This is quite the overview of a way to make a much needed change in the corporate culture. A point that really stuck out to me is that a good manager is more concerned with your career than with theirs. This is a highly lauded virtue in large organizations where decisions about an employee’s future can sometimes seem fickle. (I am mainly thinking large corporations and government). People are very loyal to this type of manager, and it is a well deserved loyalty. It is easy to see how the spirit of service would be beneficial in this type of scenario, but I believe that if a person were to really embrace it in other parts of their lives that they would see an unprecedented success. Thanks for a great article.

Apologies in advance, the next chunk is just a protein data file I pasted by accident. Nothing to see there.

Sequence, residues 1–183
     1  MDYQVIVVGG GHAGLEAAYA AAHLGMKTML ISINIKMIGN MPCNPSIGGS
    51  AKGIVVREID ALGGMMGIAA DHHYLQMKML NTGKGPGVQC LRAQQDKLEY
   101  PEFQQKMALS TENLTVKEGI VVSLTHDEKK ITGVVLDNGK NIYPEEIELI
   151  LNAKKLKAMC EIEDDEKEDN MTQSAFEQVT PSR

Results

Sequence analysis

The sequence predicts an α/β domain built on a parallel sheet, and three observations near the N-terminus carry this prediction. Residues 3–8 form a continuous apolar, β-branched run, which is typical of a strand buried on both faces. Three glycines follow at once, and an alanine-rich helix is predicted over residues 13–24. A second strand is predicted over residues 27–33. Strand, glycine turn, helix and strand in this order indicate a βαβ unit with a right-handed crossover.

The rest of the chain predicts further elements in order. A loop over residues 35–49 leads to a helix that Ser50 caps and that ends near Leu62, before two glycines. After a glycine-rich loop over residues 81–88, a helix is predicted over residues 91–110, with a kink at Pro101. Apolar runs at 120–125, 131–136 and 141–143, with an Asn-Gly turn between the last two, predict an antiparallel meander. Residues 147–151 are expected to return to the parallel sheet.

2. RJ

    Great advice for business leaders and department managers alike. Friction between departments is often a lack of understanding and appreciation for what the other is providing. Cross-training between departments goes a long way in bridging the void.


  3. Doug

    Corporate culture can be an asset or a liability to a company. I’ve always believed that it does start at the top. While the leadership can’t completely control the outcome, I think most don’t realize they are setting a direction for it either deliberately or de facto. Your points are the seeds for a thriving esprit de corps. I’m not surprised about your award as this type of company is where people and ideas flourish.
    Congratulations on your award but more significantly on your vision.


  4. Kolya

    I can’t wait to hear! Loved this post – so practical and important for anyone and those that work together in a company to seek the improvement of others and be a model of tolerance, flexibility, graciousness and giving.